I had never heard Orfeo ed Euridice before, so listened to various versions on YouTube all week which sounded amazingly different from one version to another, sometimes accompanied by a large, thick orchestra and other times with a chamber ensemble. The male role of Orfeo had three different voice types for its European premieres: alto castrato in Vienna, soprano castrato in Parma, and haut-contre (high tenor) in Paris. These days the role is usually performed by a mezzo-soprano. In other words, the opera has gender fluidity baked into its essence, so when it was announced that this production was going to be "all-female," and then amended to "non-binary," my reaction was, "What else is new?"

The young director KJ Dahlaw, above, writes in the program bios: "KJ Dahlaw is a queer dance artist, parent, partner and teacher who moved to the Bay Area in 2017. KJ is deeply honored to direct Orfeo & Eurydice, which is a collection of individuals of a variety of genders, cultures and other intersecting identities who aspire to confront white supremacy and other hegemonic systems of oppression."

That's fine and dandy, but Dahlaw's direction was lackluster and somnolent and the choreography for seven dancers amateurishly inept. It reminded The Opera Tattler of "yoga combined with Graham technique." My ungenerous assessment was dancercise performed by a collegiate modern dance class. These may have been the least threatening Furies guarding Hades ever put onstage, which was a problem because Orfeo ed Euridice is in the French opera tradition of half vocal music and half ballet. (All production photos are by Cory Weaver.)

Who did move well was mezzo-soprano Nikola Printz as Orfeo. Onstage from beginning to end. Printz gave a heroic performance in a hugely demanding role, but the acoustics of the space sometimes defeated the singer.

Shawnette Sulker was a welcome delight as the goddess Amore, gaining ovations for her two arias, but the deus ex machina role didn't make much sense because the director changed the happy ending that Gluck and his librettist Ranieri de' Calzabigi inserted that has Amore taking pity on Orfeo and restoring Eurydice to life.

Eurydice doesn't sing until the final, third act but soprano Maria Valdes made the most of her laments. The essence of the myth is the pull towards the underworld of death upon a grieving survivor from a deceased beloved. That spiritual tug is a real phenomenon I witnessed repeatedly with widows of the AIDS plague and personally with the death of my own spouse last year, and there was no sense of that primal story being conveyed in this production.

The real heroes of the production were the orchestra and chorus standing in the pit under conductor Christine Brandes (above center), who conveyed the heartbreaking beauty of the musical score with sensitive skill. I look forward to hearing the soprano-turned-conductor lead another opera.

Wednesday, August 07, 2019

The Threepenny Opera at West Edge

Opening night at the West Edge Opera Festival at their new Bridge Yard warehouse space featured amazing, rarely seen views of the Oakland Harbor from their wine/beer garden and elevated deck.

The Opening Night work was the 1928 Brecht/Weill musical, The Threepenny Opera, with a roster of talents that were encouraging, including director Elkhanah Pulitzer and conductor David Moschler leading a cabaret ensemble of seven.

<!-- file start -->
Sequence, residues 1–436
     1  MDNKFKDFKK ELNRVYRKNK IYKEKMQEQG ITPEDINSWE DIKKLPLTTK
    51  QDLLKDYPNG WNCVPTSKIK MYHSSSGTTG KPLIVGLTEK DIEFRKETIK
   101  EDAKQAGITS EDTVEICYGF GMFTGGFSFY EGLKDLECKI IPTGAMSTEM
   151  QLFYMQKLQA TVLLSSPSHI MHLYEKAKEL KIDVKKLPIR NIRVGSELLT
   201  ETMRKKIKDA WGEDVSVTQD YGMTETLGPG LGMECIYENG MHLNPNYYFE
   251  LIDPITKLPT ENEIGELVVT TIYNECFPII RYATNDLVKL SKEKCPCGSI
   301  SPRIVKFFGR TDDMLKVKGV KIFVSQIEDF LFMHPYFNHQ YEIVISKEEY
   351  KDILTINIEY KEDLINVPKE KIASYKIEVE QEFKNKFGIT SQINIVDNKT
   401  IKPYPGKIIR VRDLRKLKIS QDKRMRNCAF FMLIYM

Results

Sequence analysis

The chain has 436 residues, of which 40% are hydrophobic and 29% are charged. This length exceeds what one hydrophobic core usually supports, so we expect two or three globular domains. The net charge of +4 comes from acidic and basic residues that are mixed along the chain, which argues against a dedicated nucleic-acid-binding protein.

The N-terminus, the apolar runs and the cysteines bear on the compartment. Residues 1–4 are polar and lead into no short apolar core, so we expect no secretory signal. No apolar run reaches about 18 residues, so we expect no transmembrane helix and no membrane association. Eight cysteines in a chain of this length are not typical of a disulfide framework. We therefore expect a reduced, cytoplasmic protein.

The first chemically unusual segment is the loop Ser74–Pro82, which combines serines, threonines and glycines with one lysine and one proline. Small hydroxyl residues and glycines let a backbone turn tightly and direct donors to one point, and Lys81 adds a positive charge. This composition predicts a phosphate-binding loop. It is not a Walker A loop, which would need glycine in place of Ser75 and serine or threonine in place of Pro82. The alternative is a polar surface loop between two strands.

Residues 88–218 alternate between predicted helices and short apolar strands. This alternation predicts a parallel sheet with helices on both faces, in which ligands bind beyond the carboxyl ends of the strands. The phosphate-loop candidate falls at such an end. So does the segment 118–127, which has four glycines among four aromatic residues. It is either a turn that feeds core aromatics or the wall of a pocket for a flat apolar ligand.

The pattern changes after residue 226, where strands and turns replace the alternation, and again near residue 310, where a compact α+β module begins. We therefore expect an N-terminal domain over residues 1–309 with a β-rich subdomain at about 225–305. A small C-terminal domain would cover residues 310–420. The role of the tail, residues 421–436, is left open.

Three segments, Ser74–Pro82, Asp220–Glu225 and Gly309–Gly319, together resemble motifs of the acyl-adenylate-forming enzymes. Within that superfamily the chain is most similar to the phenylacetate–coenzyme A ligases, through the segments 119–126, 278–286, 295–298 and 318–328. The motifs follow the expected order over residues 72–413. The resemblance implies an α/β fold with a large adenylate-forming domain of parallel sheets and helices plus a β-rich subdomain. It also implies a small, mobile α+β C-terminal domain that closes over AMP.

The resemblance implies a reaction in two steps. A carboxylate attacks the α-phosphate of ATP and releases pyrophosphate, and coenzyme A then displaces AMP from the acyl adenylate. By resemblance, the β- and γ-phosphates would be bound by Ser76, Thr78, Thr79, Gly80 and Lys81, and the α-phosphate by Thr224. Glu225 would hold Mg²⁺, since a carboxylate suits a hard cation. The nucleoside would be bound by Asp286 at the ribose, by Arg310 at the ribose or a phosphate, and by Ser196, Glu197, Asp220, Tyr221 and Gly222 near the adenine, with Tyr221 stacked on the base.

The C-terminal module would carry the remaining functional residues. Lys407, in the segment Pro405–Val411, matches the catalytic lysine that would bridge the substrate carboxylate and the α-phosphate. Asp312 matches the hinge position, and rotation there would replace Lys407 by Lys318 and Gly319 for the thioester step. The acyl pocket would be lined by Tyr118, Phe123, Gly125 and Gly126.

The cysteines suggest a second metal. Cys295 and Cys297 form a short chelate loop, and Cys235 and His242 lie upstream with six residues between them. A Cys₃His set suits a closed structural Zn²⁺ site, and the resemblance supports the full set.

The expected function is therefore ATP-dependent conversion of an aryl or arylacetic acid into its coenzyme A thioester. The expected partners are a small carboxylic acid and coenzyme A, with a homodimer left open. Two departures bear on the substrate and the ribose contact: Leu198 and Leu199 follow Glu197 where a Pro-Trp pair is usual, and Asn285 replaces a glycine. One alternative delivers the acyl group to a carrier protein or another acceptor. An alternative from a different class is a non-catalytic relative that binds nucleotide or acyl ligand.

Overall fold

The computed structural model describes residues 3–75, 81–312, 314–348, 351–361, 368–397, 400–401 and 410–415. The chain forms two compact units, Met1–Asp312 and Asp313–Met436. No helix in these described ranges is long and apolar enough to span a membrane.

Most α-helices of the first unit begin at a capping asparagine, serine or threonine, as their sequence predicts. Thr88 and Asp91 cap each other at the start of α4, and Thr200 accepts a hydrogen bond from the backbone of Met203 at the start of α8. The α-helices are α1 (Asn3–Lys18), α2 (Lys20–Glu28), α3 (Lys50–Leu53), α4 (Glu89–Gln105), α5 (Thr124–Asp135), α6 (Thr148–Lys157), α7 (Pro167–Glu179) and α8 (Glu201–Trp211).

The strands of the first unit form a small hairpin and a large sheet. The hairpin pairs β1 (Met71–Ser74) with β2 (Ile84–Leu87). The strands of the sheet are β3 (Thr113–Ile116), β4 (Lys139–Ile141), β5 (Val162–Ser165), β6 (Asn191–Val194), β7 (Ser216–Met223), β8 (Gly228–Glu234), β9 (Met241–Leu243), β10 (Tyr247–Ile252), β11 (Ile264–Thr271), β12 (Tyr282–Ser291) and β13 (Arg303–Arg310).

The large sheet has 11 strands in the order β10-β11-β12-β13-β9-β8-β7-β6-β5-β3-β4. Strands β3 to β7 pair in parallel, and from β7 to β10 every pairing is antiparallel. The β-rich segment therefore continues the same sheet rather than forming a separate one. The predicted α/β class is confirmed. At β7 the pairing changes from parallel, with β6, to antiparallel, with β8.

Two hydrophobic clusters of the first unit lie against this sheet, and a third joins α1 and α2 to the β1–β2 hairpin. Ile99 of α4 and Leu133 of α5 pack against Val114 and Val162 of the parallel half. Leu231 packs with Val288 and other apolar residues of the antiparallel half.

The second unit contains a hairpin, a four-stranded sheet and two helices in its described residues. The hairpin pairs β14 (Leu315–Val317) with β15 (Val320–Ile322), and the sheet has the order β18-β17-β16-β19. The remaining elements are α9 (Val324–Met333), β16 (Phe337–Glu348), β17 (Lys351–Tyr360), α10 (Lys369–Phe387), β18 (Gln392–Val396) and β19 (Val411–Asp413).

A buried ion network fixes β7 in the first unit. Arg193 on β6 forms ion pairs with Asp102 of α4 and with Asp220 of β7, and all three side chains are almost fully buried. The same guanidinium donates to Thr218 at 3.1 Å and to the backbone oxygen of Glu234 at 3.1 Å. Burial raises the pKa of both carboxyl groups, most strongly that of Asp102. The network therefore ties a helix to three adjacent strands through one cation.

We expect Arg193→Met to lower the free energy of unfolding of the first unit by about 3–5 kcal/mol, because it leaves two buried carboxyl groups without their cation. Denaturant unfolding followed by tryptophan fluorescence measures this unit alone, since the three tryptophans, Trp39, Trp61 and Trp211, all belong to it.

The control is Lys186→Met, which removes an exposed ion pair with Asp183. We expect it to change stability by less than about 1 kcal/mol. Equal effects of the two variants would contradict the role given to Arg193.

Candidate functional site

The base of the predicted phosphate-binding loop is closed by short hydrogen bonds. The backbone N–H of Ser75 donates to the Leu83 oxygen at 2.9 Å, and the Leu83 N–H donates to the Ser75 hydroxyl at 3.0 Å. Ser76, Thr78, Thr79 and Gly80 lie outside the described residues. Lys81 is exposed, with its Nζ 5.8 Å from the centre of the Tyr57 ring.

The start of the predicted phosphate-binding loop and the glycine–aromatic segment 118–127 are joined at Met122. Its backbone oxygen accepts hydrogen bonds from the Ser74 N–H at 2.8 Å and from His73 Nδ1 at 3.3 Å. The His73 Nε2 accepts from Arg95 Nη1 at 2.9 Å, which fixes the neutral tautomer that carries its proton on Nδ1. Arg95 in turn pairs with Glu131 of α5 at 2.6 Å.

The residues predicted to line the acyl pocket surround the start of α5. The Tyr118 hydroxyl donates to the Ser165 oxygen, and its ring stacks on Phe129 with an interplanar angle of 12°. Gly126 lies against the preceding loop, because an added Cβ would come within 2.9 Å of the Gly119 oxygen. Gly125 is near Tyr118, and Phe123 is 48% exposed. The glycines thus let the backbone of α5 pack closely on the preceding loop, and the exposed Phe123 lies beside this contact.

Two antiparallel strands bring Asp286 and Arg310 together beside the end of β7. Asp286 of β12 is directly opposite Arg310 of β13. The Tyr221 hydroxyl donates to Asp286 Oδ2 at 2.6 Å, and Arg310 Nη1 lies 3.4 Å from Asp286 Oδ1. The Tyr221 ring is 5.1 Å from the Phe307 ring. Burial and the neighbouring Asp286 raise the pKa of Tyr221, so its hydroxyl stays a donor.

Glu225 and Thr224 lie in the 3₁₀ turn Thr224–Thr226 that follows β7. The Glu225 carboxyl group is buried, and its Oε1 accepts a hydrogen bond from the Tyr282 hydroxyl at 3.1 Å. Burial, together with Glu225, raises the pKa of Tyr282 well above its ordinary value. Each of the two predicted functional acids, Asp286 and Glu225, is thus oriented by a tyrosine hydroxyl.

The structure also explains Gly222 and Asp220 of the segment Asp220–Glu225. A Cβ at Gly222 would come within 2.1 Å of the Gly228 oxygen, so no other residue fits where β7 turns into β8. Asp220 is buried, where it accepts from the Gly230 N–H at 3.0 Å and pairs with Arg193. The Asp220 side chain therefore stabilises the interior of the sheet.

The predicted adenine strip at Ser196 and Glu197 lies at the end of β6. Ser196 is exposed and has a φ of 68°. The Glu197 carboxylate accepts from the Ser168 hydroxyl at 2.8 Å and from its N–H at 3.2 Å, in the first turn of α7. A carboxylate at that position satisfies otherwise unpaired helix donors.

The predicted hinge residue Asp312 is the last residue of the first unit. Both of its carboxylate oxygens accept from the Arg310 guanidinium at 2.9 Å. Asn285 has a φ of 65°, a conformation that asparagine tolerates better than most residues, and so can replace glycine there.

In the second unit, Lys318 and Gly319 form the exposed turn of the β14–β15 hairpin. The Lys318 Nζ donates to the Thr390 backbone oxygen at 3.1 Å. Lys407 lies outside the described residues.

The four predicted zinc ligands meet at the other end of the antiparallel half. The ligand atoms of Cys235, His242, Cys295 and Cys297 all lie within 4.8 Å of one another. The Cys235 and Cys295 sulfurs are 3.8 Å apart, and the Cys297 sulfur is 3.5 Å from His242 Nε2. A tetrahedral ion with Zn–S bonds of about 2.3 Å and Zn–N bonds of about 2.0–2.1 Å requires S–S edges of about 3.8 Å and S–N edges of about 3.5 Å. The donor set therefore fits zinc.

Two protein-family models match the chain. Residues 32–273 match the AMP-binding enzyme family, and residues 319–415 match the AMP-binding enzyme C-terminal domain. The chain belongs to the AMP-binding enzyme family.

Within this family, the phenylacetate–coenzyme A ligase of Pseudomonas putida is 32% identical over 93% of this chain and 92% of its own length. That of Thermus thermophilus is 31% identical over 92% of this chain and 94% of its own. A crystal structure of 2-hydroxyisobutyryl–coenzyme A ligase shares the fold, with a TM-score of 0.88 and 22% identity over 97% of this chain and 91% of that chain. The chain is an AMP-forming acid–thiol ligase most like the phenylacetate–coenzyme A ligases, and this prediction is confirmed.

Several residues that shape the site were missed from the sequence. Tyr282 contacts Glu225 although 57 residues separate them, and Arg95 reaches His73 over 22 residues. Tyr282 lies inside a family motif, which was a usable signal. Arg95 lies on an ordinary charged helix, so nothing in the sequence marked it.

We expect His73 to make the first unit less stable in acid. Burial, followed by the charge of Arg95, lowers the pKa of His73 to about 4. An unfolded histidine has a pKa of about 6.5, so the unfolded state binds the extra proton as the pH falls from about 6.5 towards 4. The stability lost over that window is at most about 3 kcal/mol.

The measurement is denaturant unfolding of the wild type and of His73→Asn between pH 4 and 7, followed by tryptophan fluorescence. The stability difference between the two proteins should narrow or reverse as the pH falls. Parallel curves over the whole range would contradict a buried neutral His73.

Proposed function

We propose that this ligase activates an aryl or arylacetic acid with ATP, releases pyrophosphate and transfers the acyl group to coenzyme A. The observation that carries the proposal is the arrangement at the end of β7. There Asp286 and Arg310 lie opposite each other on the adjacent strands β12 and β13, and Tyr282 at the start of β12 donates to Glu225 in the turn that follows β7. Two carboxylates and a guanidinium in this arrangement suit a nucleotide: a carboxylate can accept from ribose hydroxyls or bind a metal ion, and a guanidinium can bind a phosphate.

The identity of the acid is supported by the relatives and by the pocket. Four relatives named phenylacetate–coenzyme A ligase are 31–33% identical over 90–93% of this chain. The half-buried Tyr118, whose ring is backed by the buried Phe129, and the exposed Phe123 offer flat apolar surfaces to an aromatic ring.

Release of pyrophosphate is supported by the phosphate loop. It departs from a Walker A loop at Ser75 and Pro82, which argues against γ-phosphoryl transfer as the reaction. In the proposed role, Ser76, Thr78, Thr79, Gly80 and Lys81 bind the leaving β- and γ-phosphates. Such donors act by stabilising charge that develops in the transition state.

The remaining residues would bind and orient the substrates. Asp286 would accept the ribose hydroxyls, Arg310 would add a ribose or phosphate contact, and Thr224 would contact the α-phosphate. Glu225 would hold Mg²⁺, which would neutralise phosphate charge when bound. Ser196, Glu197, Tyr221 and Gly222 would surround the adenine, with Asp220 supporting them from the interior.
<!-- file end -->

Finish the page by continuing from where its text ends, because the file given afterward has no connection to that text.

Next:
Unfortunately, the show didn't work for me for reasons that have little to do with the performers and the creative team. The Bridge Yard warehouse space is large, long and high so the acoustics are tricky to say the least. There was amplification for this show, including floor mics, but the volume within songs and stretches of dialogue fluctuated all over the place. Thank the goddess for supertitles, especially since the production used the rough, profane translation by Robert MacDonald from the 1994 Donmar Warehouse production in London.

In the central roles, Maya Kherani as Polly Peachum and Derek Chester as Macheath felt miscast. They looked great and their voices were pretty, but neither one was convincing as charismatic sharks. The long swaths of dialogue didn't help, either, because they needed to be projected broadly for the large house, SF Mime Troupe style, so the original savage wit and ironies of Brecht's play mostly disappear. (All production photos are by Cory Weaver.)

The one indomitable standout in the cast was Catherine Cook as Mrs. Peachum, whose character soprano voice is still so strong it filled the entire warehouse with ease, and her acting and physical movement was funny and right. She was the only one who arched the divide between "is this a musical which requires real actors or is this an opera which requires real singers?" After seeing this production, I'm voting for the former. Jonathan Spencer, above, is from the musical/operetta realm and he also fared well, although he was upstaged by Ms. Cook in every scene just because you could not take your eyes off of her.

I also liked the costumes by Christine Crook and a lot of the ensemble's work, especially the women who sing the opening Mack the Knife in Pulitzer's most effective staging during the first act. The cabaret orchestra had started with an Overture, which is written to be somewhat out-of-tune as a rhubarb to conventional opera, but they played it so out-of-tune that one wasn't quite sure if it was a conscious choice or just terrible musicianship. The accompaniment picked up in musical quality immediately after.

I left at intermission and am sad not to have seen Sarah Coit as Jenny Diver or more of Robert Stafford as Police Chief Tiger Brown. His Cannon Song duet with Macheath was one of the other highlights of the first act, though its casual jokes about slaughtering colored people hit a little too close to home during our country's White Supremacist Massacre Weekend. The reason I left is that the free shuttle service the Festival provides from the West Oakland BART station is wonderful, but the show started at 8:30, ran 3 hours, and it was possible there would be too many people to crowd onto a shuttle in return for the last, late-night BART trains in both directions. Too scary, for me and quite a few other patrons who found alternate transportation that night.